By Dr Surjit Singh Bhatti, Ex – Professor & Head and Dean, Guru Nanak Dev University, Amritsar (email@example.com/ drssbhati.ca)
Guru Teg Bahadur (1621-1675) was the 9th Sikh Guru. His hymns in Sri Guru Granth Sahib (SGGS) focus mostly on the need for human detachment from the worldly allurements, and attachment with God. He purchased the land and founded the town of Chakk-Nanaki in Punjab, later called Anandpur Sahib (City of Bliss and Peace). He was named Tyga Mal (Master of Renunciation) in his childhood. He learnt many languages and spiritual philosophy from Sikh scholars, and archery, swordsmanship, and horse-riding from his warrior father Guru Har Gobind Ji, the 6th Guru. At a very young age, he accompanied his father against Moghuls in the Battle of Kartarpur and was renamed Teg Bahadur (Brave sword-wielder) because of his bravery.
An Unparalleled Sacrifice for Dignity of Hinduism
Guru Teg Bahadur was approached in May 1675 by Kashmiri Pandits, seeking his intercession against the forced conversions of Hindus to Islam by Aurangzeb, the then Moghul ruler of India. He asked the Pandits to tell the Emperor that if he could convert Guru Teg Bahadur, the Hindus will also follow suit. In November 1675, Guru Sahib himself went to tell Aurangzeb that he will not convert to Islam. Guru Sahib was told that his refusal to convert to Islam and his support for the Hindu Pandits would result in his death. Guru Sahib accepted the death penalty, to save his own right and the right of the Pandits to live with honour. Today, Gurdwara Sis Ganj Sahib and Gurdwara Rakab Ganj Sahib stand at these sites of martyrdom and cremation of Guru Ji’s body. It was also an act of the Empathy which Guru Sahib had for the Hindus.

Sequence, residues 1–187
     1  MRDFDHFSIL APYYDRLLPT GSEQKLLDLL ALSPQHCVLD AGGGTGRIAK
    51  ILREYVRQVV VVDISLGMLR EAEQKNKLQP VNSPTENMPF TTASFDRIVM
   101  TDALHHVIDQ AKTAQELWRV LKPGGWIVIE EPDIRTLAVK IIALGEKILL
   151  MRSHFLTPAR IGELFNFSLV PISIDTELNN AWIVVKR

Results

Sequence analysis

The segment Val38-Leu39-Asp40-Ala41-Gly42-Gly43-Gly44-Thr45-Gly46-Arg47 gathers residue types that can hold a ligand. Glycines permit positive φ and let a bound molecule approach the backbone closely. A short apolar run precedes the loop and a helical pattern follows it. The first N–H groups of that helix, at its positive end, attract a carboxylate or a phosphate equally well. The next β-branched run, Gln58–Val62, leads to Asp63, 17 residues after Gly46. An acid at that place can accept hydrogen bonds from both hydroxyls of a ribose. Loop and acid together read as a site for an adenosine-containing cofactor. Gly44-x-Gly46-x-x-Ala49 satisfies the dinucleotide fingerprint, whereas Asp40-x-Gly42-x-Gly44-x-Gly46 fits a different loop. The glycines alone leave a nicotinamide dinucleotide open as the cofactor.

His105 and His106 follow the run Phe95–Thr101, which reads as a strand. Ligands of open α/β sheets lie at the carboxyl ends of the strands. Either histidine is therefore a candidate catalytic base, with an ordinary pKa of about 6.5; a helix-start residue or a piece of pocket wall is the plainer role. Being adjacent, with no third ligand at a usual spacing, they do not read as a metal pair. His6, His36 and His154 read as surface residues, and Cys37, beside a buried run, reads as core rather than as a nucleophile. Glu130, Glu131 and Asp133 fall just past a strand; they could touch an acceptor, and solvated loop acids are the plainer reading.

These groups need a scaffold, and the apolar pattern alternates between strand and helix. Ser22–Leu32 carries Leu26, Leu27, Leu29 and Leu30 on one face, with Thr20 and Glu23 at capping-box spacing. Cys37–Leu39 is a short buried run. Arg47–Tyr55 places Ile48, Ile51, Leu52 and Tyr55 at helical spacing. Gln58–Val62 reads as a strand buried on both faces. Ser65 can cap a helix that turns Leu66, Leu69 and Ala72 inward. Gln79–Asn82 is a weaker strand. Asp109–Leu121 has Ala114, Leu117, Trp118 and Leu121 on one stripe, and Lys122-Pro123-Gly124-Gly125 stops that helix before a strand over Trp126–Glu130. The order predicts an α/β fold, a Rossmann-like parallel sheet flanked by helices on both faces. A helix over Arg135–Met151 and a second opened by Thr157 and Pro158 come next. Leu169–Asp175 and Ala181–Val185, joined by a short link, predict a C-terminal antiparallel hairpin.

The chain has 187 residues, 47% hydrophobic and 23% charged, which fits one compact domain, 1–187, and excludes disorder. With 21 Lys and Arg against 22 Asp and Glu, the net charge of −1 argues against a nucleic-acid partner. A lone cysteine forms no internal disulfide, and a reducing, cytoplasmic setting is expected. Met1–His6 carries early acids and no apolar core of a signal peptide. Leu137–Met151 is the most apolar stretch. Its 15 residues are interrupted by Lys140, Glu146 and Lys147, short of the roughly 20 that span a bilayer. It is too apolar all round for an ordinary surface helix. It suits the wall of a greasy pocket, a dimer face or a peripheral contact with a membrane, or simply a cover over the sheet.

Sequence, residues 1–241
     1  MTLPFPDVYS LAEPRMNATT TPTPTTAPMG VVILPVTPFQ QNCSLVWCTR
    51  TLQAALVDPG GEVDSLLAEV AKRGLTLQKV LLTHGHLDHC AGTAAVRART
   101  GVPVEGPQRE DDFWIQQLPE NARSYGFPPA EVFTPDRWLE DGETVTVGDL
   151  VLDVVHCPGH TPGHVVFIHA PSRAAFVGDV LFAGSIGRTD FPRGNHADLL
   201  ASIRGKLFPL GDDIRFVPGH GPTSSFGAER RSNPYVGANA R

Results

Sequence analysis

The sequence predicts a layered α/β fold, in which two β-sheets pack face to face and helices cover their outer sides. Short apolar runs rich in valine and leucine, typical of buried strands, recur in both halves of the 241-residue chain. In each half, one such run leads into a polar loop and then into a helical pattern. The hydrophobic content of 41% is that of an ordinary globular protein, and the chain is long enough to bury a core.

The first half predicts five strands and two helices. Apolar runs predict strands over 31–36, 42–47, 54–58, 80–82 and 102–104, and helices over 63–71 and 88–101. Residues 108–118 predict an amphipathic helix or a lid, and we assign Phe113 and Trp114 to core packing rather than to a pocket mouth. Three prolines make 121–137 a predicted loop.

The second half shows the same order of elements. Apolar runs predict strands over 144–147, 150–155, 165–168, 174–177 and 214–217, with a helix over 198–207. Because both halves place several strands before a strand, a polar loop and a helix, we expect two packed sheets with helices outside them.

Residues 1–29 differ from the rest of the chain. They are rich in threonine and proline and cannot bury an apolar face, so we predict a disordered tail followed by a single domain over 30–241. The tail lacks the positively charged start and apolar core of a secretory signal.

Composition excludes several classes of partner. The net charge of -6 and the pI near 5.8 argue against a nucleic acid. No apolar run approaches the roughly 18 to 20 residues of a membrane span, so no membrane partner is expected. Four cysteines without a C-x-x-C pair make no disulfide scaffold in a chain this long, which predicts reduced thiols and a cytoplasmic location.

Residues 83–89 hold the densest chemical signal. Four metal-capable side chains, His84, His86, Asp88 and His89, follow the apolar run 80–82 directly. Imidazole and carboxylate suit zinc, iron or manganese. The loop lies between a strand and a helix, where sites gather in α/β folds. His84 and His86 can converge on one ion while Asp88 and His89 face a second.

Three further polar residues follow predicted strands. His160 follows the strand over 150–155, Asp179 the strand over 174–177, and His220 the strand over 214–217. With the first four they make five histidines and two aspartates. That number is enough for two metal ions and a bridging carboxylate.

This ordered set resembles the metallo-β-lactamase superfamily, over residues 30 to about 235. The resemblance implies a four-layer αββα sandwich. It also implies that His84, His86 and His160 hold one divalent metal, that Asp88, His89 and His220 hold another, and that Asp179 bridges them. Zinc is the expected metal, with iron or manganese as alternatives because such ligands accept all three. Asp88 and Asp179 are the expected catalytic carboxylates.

Guru Gobind Singh wrote about the sacrifice of Guru Teg Bahadur to the following effect:
To protect the right to wear their (religious) symbols and sacred threads, Guru Teg Bahadur sacrificed his life. To help the pious and uphold their faith, he (voluntarily) gave his head but did not utter a word in pain. He did not perform any jugglery or miracles but set an example of the limit of resistance (to injustice). No one has ever performed an act as noble as his. As he left, the world cried in grief and horror, but he was welcomed as a victor in the Realm of God.
Poet Senapati, one of the 52 poets in the Darbar of Guru Gobind Singh (the 10th Guru), wrote:
Guru Teg Bahadur manifested himself (in the human form in this world) and blessed the entire humanity with his benevolent (voluntary) sacrifice for (their fundamental) human rights.
Guru Teg Bahadur – The First-ever Protector of Basic Human Rights of Others